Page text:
Taoiseach Micheál Martin has said people receiving the Pandemic Unemployment Payment (PUP) should seek work.
"People should seek work and many are, hence the numbers have been coming down steadily over the past number of months," he told a press briefing.
He was asked if there are double standards by making PUP recipients seek work while giving three super junior ministers in Government a €16,000 payment.
Mr Martin said the Cabinet, from the Taoiseach down to super junior ministers, have agreed to "a 10% cut" in salary. The Taoiseach said this decision was made by Cabinet today.
Earlier today, the Minister for Employment Affairs and Social Protection also said PUP recipients should be actively seeking work if their job has been lost permanently.
Heather Humphreys told RTÉ's News at One in the case of some sectors, like in hospitality, where a person's job is temporarily paused due to Covid-19 restrictions, the Government is not expecting such people to be looking for another job.
She was speaking after the Department of Social Protection confirmed that 104 people have had their Pandemic Unemployment Payment stopped as a result of checks carried out at airports.
Minister Humphreys reiterated that the public health advice is not to travel abroad except for essential reasons.
She said anyone who is in receipt of the PUP, and who is found to be travelling for essential reasons will continue to receive the payment.
The Government is "not trying to pick on anyone here", Minister Humphreys said as she highlighted that public servants, and anyone employed in the private sector, who choose to travel abroad will not be paid for the two-week period of restricted movements when they return home.
She said, "under normal circumstances" there is flexibility under social welfare legislation whereby someone in receipt of jobseeker's allowance can travel abroad for two weeks, without affecting their payment, but she said "this is not normal circumstances".
"We are trying to protect lives so will temporarily suspend the flexibility that they can continue to receive their unemployment payment while abroad."
But Fianna Fáil TD Willie O'Dea has said that the Government is "singling out" a cohort of people by stopping their Pandemic Unemployment Payment as a result of checks carried out at airports.
Speaking on RTÉ's Today with Sarah McInerney, Mr O'Dea said it "was not right and proper that one category of people who don't take the Government's advice should be singled out for punishment".
He said he was unaware that the Government was going to proceed with this measure.
Mr O'Dea said: "Nobody should disobey the Government advice but why should one category be penalised for it when others are getting away scot-free."
He said he would be raising the issue with the Minister for Social Protection and he will be asking the Government to "withdraw this campaign".
Speaking on the same programme, Sinn Féin spokesperson on employment Louise O'Reilly described Mr O'Dea's comments on this issue as "comedy gold".
She said Mr O'Dea "coming on radio, setting himself up in Opposition to his Government is somewhat farcical".
Ms O'Reilly said she would be writing to the Data Protection Commissioner to seek her views on any potential data protection issues to this measure taken by the Government, which she said has so far not been subject to public scrutiny.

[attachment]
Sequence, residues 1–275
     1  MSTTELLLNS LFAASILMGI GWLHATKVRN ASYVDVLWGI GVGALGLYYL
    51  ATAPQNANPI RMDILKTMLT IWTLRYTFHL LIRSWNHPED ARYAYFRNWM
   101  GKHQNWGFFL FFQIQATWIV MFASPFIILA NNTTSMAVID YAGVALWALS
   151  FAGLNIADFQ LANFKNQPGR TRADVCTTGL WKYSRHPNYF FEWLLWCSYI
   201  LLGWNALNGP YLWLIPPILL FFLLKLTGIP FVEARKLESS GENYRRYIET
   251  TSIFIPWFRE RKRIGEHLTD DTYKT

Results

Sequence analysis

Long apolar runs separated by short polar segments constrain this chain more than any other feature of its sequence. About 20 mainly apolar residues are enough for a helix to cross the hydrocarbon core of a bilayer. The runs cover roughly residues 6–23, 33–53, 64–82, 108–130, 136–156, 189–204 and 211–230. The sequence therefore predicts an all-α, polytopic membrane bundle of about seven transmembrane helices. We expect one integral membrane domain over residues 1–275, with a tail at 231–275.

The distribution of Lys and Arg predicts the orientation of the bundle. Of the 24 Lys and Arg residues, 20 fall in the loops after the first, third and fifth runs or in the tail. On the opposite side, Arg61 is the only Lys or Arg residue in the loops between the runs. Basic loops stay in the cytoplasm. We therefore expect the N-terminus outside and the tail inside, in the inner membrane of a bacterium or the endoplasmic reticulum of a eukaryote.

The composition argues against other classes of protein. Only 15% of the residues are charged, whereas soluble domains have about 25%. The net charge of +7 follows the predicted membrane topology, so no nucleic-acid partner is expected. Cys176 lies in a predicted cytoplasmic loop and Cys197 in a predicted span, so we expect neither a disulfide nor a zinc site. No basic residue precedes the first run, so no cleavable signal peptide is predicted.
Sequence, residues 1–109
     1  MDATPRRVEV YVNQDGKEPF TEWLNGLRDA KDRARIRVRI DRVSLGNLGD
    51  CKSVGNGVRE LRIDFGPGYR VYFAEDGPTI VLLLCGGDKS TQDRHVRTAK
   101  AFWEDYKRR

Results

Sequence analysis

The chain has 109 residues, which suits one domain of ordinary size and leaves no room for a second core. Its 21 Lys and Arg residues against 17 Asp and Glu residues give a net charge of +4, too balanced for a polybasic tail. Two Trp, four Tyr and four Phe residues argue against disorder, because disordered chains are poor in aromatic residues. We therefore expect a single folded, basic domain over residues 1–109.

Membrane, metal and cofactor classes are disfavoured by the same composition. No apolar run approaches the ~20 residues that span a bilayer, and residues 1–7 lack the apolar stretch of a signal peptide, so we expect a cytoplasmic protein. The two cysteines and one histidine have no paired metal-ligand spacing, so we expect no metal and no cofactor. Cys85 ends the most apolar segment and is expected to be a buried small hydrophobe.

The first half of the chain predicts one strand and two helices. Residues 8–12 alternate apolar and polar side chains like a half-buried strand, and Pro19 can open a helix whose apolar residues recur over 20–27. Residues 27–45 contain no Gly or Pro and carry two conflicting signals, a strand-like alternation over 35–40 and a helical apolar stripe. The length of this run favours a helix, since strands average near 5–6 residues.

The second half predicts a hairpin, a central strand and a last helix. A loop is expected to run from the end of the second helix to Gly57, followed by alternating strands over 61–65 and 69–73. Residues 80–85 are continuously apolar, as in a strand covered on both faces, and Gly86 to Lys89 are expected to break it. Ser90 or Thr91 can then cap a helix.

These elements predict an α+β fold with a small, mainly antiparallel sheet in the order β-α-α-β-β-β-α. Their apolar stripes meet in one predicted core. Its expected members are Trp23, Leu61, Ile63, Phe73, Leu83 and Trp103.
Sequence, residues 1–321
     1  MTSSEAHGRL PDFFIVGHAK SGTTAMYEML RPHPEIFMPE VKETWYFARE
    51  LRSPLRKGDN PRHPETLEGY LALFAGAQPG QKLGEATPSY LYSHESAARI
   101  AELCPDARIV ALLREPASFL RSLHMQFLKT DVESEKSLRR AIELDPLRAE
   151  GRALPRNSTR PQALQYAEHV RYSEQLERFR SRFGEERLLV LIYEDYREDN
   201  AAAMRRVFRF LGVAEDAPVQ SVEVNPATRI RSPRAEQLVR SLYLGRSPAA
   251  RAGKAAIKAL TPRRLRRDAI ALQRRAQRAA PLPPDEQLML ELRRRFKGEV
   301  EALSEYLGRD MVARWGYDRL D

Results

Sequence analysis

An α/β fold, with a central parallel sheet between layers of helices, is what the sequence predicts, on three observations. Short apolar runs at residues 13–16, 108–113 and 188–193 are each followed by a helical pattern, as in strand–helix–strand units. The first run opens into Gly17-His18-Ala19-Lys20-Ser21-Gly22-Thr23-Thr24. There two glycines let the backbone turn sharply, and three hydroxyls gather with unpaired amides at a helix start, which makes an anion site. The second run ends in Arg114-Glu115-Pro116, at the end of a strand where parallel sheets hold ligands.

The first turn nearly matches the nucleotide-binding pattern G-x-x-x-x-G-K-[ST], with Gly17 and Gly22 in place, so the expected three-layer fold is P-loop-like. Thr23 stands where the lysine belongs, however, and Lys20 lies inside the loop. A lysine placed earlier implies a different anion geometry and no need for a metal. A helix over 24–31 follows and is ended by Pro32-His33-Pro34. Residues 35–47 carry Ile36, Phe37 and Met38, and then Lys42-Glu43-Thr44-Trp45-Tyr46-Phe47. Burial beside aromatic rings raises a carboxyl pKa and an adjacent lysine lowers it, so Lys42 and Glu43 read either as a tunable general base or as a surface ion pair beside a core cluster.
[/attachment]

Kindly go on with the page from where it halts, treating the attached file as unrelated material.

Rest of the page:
She said people on social welfare are "being victimised".
Minister for Further and Higher Education Simon Harris said he is not familiar with the social welfare code, but it is his understanding that to receive certain payments you must be residing in the country.
He said: "We can't say it enough. I don't want to see anyone in an airport going on holiday this year."
The Executive Director of the Irish Council for Civil Liberties said that a recent amendment to a bill that limits the travel of those claiming the Pandemic Unemployment Payment has raised a lot of very serious questions for the Department of Social Protection and the Government.
Speaking on RTÉ's Morning Ireland, Liam Herrick said there were questions about the lawfulness of this measure.
He said for a minister to introduce a statutory instrument of this type, it must be proven to be within the principles of a primary piece of legislation, but there is no primary legislation about the travel advice.
Mr Herrick said that it has changed the definition of what is an allowable holiday, adding that social welfare payment recipients are allowed to take holidays, without interruption to payments.
This issue is not about fraud, he said, we are talking about people who have gone on holiday, even though they are allowed to do so.
He said that there is no way that members of the public could reasonably have known about the changes to the rules.
Mr Herrick added that the State has decided not to restrict travel in and out of the country but, at the same time, has decided to introduce a restriction only on the people who are dependent on social protection.
Meanwhile, there has been a further reduction in the numbers receiving the Pandemic Unemployment Payment.
According to the latest figures from the Department of Social Protection, the numbers in receipt of the support dropped by 26,900 over the last week to 286,900.
At the peak of the crisis, 598,000 people were in receipt of the payment. That represents a decline of 52% since 5 May.
In the past seven days, 19,200 people have closed their claim for a Pandemic Unemployment Payment.
The department says some 8,800 people will be receiving their final payment tomorrow.